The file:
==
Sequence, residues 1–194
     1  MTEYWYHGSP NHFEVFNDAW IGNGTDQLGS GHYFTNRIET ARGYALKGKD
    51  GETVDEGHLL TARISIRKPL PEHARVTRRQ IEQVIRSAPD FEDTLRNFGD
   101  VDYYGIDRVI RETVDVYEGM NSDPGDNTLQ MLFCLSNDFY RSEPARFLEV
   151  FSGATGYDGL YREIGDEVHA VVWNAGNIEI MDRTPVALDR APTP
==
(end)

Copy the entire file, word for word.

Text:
Sequence, residues 1–194
     1  MTEYWYHGSP NHFEVFNDAW IGNGTDQLGS GHYFTNRIET ARGYALKGKD
    51  GETVDEGHLL TARISIRKPL PEHARVTRRQ IEQVIRSAPD FEDTLRNFGD
   101  VDYYGIDRVI RETVDVYEGM NSDPGDNTLQ MLFCLSNDFY RSEPARFLEV
   151  FSGATGYDGL YREIGDEVHA VVWNAGNIEI MDRTPVALDR APTP